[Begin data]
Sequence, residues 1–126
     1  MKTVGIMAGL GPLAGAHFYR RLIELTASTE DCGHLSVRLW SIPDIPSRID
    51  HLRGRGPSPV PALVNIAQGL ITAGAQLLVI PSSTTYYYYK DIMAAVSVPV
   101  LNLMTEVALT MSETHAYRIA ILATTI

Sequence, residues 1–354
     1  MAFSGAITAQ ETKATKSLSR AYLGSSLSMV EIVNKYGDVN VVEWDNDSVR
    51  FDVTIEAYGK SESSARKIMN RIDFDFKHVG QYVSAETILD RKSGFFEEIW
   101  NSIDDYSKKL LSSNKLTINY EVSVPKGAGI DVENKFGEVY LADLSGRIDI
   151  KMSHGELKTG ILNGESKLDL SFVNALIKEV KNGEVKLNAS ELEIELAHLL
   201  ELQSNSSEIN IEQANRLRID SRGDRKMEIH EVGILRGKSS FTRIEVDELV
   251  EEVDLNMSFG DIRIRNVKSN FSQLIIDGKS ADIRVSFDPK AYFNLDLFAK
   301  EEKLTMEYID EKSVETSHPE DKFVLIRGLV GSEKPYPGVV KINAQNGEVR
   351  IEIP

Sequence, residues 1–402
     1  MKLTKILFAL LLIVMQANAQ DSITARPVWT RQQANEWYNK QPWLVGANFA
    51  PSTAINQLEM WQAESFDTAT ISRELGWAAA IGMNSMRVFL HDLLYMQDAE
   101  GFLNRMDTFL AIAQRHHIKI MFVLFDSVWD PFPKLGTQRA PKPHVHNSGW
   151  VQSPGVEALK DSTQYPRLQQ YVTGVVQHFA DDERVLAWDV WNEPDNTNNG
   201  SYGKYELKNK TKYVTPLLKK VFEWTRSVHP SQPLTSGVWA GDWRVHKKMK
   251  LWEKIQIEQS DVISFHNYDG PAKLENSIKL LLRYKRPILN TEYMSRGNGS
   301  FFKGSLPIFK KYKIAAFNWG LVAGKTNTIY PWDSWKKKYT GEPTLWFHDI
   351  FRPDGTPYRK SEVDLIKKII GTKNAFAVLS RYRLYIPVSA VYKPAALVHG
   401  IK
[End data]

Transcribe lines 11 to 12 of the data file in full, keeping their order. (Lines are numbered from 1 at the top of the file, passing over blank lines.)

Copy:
   251  EEVDLNMSFG DIRIRNVKSN FSQLIIDGKS ADIRVSFDPK AYFNLDLFAK
   301  EEKLTMEYID EKSVETSHPE DKFVLIRGLV GSEKPYPGVV KINAQNGEVR